Drosophila wingless: A paradigm for the function and mechanism of Wnt signaling

Drosophila wingless: A paradigm for the function and mechanism of Wnt signaling The link between oncogenesis and normal development is well illustrated by the study of the Wnt family of proteins. The first Wnt gene (int‐1) was identified over a decade ago as a proto‐oncogene, activated in response to proviral insertion of a mouse mammary tumor virus. Subsequently, the discovery that Drosophila wingless, a developmentally important gene, is homologous to int‐1 supported the notion that int‐1 may have a role in normal development. In the last few years it has been recognized that int‐1 and Wingless belong to a large family of related glyco‐proteins found in vertebrates and invertebrates. In recognition of this, members of this family have been renamed Wnts, an amalgam of int and Wingless. Investigation of Wnt genes in Xenopus and mouse indicates that Wnts have a role in cell proliferation, differentiation and body axis formation. Further analysis in Drosophila has revealed that Wingless function is required in several developmental processes in the embryo and imaginal discs. In addition, a genetic approach has identified some of the molecules required for the transmission and reception of the Wingless signal. We will review recent data which have contributed to our growing understanding of the function and mechanism of Drosophila Wingless signaling in cell fate determination, growth and specification of pattern. http://www.deepdyve.com/assets/images/DeepDyve-Logo-lg.png BioEssays Wiley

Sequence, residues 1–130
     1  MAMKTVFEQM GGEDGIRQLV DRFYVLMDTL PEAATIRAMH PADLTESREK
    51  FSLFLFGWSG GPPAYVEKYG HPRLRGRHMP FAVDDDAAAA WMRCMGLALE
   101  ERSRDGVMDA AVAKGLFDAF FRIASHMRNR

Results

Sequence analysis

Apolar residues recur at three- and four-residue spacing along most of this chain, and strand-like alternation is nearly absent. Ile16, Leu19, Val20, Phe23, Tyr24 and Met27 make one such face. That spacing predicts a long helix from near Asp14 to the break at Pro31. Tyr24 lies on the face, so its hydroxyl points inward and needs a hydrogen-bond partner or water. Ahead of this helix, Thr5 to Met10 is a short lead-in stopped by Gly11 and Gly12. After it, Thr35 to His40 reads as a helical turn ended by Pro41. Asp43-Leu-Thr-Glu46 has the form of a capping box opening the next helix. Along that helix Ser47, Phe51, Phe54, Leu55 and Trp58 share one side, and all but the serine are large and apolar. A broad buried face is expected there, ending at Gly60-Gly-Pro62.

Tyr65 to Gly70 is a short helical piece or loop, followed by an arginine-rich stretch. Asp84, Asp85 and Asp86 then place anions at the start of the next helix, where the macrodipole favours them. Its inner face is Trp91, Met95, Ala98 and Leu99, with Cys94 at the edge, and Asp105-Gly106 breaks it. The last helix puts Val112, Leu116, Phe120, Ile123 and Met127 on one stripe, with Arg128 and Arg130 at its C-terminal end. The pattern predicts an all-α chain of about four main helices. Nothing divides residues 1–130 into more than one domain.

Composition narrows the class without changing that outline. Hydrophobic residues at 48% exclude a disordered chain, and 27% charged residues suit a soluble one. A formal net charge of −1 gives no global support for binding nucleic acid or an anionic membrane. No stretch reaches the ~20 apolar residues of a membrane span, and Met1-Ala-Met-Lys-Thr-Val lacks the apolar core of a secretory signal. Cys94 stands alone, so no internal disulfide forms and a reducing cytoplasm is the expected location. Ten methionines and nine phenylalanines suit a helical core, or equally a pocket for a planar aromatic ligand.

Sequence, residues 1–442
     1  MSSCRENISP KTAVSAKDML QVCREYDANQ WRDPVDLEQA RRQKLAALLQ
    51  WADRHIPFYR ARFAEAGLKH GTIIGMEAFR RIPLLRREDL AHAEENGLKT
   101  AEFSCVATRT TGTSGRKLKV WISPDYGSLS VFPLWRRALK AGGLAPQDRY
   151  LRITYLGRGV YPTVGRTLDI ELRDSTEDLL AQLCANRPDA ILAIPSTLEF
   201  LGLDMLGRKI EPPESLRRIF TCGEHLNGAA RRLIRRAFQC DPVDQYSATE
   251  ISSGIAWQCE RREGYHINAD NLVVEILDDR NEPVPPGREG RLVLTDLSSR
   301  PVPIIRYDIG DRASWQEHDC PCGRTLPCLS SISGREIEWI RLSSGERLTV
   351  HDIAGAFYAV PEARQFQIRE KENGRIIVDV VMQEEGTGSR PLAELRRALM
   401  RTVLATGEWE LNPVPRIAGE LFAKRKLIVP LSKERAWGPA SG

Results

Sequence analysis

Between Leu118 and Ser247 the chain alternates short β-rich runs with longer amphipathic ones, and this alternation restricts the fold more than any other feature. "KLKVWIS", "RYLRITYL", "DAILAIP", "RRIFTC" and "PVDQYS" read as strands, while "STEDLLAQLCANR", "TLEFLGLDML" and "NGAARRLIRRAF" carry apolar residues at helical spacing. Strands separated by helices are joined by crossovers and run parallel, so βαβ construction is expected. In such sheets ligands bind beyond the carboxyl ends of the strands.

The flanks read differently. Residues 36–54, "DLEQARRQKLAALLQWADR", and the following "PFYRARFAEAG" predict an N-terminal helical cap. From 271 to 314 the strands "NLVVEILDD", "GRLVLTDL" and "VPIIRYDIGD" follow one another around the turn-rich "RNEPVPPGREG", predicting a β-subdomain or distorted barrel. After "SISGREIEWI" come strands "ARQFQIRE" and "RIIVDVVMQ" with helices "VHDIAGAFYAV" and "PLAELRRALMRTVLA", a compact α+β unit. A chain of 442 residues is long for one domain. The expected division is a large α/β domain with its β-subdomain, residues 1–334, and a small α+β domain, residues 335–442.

Drosophila wingless: A paradigm for the function and mechanism of Wnt signaling

BioEssays, Volume 16 (6) – Jun 1, 1994

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Publisher
Wiley
Copyright
Copyright © 1994 Cambridge University Press
ISSN
0265-9247
eISSN
1521-1878
DOI
10.1002/bies.950160607
pmid
8080429
Publisher site
See Article on Publisher Site

Abstract

The link between oncogenesis and normal development is well illustrated by the study of the Wnt family of proteins. The first Wnt gene (int‐1) was identified over a decade ago as a proto‐oncogene, activated in response to proviral insertion of a mouse mammary tumor virus. Subsequently, the discovery that Drosophila wingless, a developmentally important gene, is homologous to int‐1 supported the notion that int‐1 may have a role in normal development. In the last few years it has been recognized that int‐1 and Wingless belong to a large family of related glyco‐proteins found in vertebrates and invertebrates. In recognition of this, members of this family have been renamed Wnts, an amalgam of int and Wingless. Investigation of Wnt genes in Xenopus and mouse indicates that Wnts have a role in cell proliferation, differentiation and body axis formation. Further analysis in Drosophila has revealed that Wingless function is required in several developmental processes in the embryo and imaginal discs. In addition, a genetic approach has identified some of the molecules required for the transmission and reception of the Wingless signal. We will review recent data which have contributed to our growing understanding of the function and mechanism of Drosophila Wingless signaling in cell fate determination, growth and specification of pattern.

Journal

BioEssaysWiley

Published: Jun 1, 1994

References

  • Expression of Wnt‐1 in PC12 cells results in modulation of Plakoglobin and E‐cadherin and increased cellular adhesion
    Bradley, Bradley; Cowin, Cowin; Brown, Brown

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